It's not just in the K-serials that bahus count for something. Daughters-in-law can be an important force in marketing , even in places where they would seem least likely to have much influence.
Indian marketers are discovering, for example, that they can be important influences on changing product habits and brand choice in rural households.
At first, this seems counter-intuitive. Rural households are generally seen as being deeply conservative and patriarchal places, where as both women and outsiders in the family, daughters-in-law would be at the bottom of the hierarchy.
They are expected to defer to everyone - family elders, their husbands and, of course, their saas, who often sees the daughters-in-law as unpaid servants.
Yet, realities can be complex. Rural households are often surprisingly open to change, presented in the right way and coming from the right people.
Studies like the rural household panel that was run by ORG-MARG for a few years (but unfortunately found too few buyers to be viable) found products like P&G's Head & Shoulders shampoo, a typical urban, up-market product, in rural households.
Such products were usually brought in by privileged older sons who had picked up more expensive consumption habits while studying in urban areas.
Bahus are another source of new consumption habits, but their influence works in more subtle ways. “Many daughters-in-law come from slightly different backgrounds from the family they marry into,” explains Pradeep Kashyap, who runs MART, a specialist rural marketing consultancy.
“Often, they come from small towns, so they have slightly more sophisticated habits, which they bring to the village.”
Since dowry is a reality in most rural households, some products come as part of that.
Trips home for festivals and other family occasions, like after the birth of their first child, are other occasions to pick up new products as gifts.
If bahus enjoy much influence with their husbands, they may get him to buy small gifts like soaps or cheap cosmetics when he visits the local market.
Harish Bijoor, a strategic marketing consultant, points out that they enjoy a lot of influence over all brands that appertain to the woman's realm.
“Rural households are clearly divided into the mens' areas, like the hall or the veranda, all the front of the house, and the womens' areas which are the kitchen and bathroom, the back of the house,” he says.
“Most fundamental FMCG products are used in the back of the house, so its the women who discuss them, what to get and what brands to buy.”
Even when the family initially forbids new products, smart bahus can end up getting their way. The anthropologist Emma Tarlo noted a good example of this in 'Clothing Matters', her study of Indian attitudes to clothes.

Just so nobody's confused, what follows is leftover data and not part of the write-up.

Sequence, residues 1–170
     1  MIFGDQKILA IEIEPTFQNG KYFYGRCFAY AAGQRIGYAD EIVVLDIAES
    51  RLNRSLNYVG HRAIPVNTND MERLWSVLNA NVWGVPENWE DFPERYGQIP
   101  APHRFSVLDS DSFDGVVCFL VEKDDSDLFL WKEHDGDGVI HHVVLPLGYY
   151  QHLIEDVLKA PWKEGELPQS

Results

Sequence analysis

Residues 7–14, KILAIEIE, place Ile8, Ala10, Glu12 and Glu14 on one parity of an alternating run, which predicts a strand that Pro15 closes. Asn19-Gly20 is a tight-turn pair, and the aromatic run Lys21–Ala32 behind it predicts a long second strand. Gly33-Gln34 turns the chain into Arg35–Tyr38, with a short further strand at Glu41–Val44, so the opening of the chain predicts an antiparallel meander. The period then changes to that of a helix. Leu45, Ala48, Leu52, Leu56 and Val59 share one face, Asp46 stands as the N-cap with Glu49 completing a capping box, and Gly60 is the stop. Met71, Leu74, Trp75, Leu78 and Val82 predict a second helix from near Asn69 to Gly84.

In the small village in Gujarat where she's doing her field work, one of the bahus, newly wed into a very conservative family, started wearing a sweater in winter, much to the fury of her father-in-law, who considered it an immodest garment. He forbade her from wearing it.
She complied, but she made her unhappiness known. She didn't wear a shawl instead and made a show of working while visibly shivering.
And she told women from other families that she was so unhappy she was thinking of committing suicide. Word always spreads fast in villages and her father-in-law soon started hearing from other men, worried about the reputation of their community.
The last straw was when the bahu went home to visit her family, and then refused to return. This developed into such a scandal that the father-in-law was finally forced to surrender and allow her return and wear a sweater.
A small victory perhaps, but an indication of how a 'powerless' bahu can fight back.
The most traditional way for bahus to get influence is, of course, to have children - and unfortunately, that still usually means male children.
Male children give the bahu a bargaining chip. Products that she might not have been able to get for herself, she can get in the name of her son. Instead of tooth powder, or even just neem twigs, she can insist that the son needs toothpaste and, once in the house, that consumption habit can spread.
Sons can be the excuse to get a whole range of products from a better quality detergent, to wash their clothes when they go to school, or a better quality of branded biscuits rather than the unbranded ones that the women and children usually eat.
Today, as the trend towards nuclear families accelerates, even in rural areas, the power of bahus can only rise. As Mr Kashyap notes, in an important new textbook on rural marketing, that he and Siddhartha Raut have co-authored, even when a joint family is still technically living under one roof, they are branching off by setting up separate cooking arrangements with their own chulhas (hearths): “These hybrid families can be termed 'individualised joint families' (IJF). The national Census records each chulha as a separate household. These IJFs live separately on a daily basis and take purchase decisions independently for FMCGs and consumer durables.” And within each IJF, the bahus' power is much greater.
One should avoid overstating the power of bahus in rural households. Many still remain in their traditionally-subservient state, with little influence and facing many problems.
Yet, as more marketers focus on rural areas, and do more studies on how households there really operate, many clichés are fading and the picture is becoming more complex.
The life of rural bahus may never be as complex as those in K-serials (but then nothing is as complex as that), yet their lives and influence is emerging as more important than has been thought of in the past.